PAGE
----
March 2015 we published (open-source) our experimental setup in the Journal of Visualized Experiments to allow other researchers to confine reactions in femtoliter chambers. We use this technique to observe cell-free protein synthesis.
I am currently researching noise in protein expression at Oak Ridge National Laboratory with the guidance of my advisors Mike Simpson in the DOE sponsored Center for Nanophase Material Science and Mitch Doktycz in BioSciences Division.
Gene expression noise, variation in protein expression, has been found in numerous, diverse species. Noise plays an important role in many cell-fate decisions, like the lytic/lysogenic HIV switch. The actively propagating HIV lytic cycle can be treated with antiretroviral drugs. In the lysogenic cycle however, the virus lays dormant inside cells. At random times the viral particles switch between lysogenic and lytic. Noise has been found to play a role in pushing HIV toward the lytic cycle where it can be treated. However, the mechanism producing noise has not been identified, but because it is so widely found, it is believed to be universal to life. If we understood the mechanism(s) that creates gene expression noise we could more knowledgeably search for drugs that affect noise.
I also facilitate research of the cell-free production of therapeutic proteins in microfluidic devices for the DARPA Biological Technologies Office BioMOD grant. I helped establish in-house E.coli and Yeast cell-free expression system protocols.
I became interested in biology and genetics after creating transgenic, green fluorescent bacteria in high school AP biology. As a junior, I worked with Dr. Mingjun Zhang to model the Young’s modulus of a silicone matrix filled with dispersed nanoparticles. Senior year, I worked with Dr Cong Trinh to create a collection of plasmids with different copy numbers and antibiotic resistances. These plasmids were then incorporated into other work being done in the lab for better control over enzyme production and the associated metabolic processes. I earned a BS in Biomedical Engineering with a minor in Engineering Entrepreneurship and graduated summa cum laude. I am now a Bredesen Center Fellow working at Oak Ridge National Laboratory.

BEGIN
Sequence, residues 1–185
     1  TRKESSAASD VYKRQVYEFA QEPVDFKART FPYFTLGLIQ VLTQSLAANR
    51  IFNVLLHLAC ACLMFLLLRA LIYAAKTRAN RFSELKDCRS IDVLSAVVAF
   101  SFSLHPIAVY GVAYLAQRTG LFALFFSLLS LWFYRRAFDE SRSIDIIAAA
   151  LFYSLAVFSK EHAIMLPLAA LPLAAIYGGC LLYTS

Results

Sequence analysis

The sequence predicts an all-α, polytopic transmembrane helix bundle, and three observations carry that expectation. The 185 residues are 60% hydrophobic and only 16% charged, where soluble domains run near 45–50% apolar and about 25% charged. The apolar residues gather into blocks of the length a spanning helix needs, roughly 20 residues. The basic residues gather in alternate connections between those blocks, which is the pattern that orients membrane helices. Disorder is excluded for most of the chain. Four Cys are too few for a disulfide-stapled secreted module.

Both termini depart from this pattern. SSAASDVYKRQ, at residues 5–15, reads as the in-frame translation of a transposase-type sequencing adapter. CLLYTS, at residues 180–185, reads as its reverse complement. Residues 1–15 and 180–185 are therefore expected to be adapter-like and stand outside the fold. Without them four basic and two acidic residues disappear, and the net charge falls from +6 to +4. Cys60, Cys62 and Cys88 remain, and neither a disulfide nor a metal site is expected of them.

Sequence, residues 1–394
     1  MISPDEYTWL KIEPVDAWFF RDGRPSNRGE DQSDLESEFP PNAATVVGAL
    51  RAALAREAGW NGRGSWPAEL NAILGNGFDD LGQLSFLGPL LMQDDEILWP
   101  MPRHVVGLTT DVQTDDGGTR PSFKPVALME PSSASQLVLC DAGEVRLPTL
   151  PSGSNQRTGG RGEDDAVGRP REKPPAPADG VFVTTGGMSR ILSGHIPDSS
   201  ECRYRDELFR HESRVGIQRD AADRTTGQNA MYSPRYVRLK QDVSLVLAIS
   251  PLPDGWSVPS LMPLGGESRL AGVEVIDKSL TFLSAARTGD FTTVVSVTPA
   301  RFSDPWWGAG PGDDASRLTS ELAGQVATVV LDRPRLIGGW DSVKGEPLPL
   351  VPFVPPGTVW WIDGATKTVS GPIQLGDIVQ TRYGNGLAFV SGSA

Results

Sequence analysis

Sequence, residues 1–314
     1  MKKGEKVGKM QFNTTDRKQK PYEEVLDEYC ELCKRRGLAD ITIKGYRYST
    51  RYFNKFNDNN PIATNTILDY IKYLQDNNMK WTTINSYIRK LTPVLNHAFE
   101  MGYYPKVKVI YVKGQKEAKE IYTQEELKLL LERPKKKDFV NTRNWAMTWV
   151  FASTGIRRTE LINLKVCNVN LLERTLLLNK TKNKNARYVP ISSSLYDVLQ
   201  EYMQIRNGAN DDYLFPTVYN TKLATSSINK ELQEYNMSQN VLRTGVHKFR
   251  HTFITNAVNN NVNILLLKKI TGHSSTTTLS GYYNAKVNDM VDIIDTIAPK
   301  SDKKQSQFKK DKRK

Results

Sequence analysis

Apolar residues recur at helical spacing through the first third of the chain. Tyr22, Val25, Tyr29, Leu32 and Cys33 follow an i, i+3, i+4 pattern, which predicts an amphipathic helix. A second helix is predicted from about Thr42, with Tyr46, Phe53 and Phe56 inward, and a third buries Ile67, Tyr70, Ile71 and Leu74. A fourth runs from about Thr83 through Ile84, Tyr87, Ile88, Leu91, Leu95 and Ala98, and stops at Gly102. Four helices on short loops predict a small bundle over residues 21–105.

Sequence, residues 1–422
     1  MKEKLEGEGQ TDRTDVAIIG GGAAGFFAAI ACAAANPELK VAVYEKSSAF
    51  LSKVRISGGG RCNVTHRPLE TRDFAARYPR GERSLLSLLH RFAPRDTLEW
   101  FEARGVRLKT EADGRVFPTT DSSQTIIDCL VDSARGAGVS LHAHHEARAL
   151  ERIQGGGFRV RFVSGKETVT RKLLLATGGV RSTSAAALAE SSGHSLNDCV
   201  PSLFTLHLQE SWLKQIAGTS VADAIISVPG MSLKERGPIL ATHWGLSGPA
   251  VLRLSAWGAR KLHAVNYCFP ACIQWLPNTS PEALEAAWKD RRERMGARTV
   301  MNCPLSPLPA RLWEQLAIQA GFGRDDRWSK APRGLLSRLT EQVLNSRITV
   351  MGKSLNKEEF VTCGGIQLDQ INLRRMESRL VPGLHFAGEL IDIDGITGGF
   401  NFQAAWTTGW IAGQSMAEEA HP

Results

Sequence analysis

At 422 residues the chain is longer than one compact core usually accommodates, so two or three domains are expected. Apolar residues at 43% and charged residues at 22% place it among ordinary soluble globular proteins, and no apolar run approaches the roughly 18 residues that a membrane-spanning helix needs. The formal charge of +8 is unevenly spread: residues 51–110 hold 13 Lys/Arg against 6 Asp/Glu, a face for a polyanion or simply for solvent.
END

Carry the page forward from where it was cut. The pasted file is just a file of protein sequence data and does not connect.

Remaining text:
My ORNL profile is here.
My Google Scholar profile is here.
Bredesen Center Energy Science Engineering Fellowship
Summa cum laude
Deans list Fall 2009 - Spring 2013
Alcoa Engineering Study Abroad Fellow
Tau Beta Pi member
Norred, S. Elizabeth, Patrick M. Caveney, Gaurav Chauhan, Lauren K. Collier, C. Patrick Collier, Steven M. Abel, and Michael L. Simpson. "Macromolecular Crowding Induces Spatial Correlations That Control Gene Expression Bursting Patterns." ACS synthetic biology 7, no. 5 (2018): 1251-1258.
Boreyko, Jonathan, P. Caveney, Sarah L. Norred, Charles Chin, Scott T. Retterer, Michael L. Simpson, and C. Pat Collier. "Synthetic Biology in Aqueous Compartments at the Micro-and Nanoscale." MRS Advances 2, no. 45 (2017): 2427-2433.
Caveney, Patrick M., S. Elizabeth Norred, Charles W. Chin, Jonathan B. Boreyko, Brandon S. Razooky, Scott T. Retterer, C. Patrick Collier, and Michael L. Simpson. "Resource Sharing Controls Gene Expression Bursting." ACS Synthetic Biology (2016). [PDF]
Norred, S. E., Caveney, P. M., Retterer, S. T., Boreyko, J. B., Fowlkes, J. D., Collier, C. P., et al. Sealable Femtoliter Chamber Arrays for Cell-free Biology. J. Vis. Exp. (97), e52616, doi:10.3791/52616 (2015).
Lijin Xia, Zhonghua Xu, Leming Sun, Patrick M. Caveney, Mingjun Zhang. (2013) “Nano-fillers to tune Young's modulus of silicone matrix.” Journal of Nanoparticle Research. v. 15 pg. 1570. [PDF]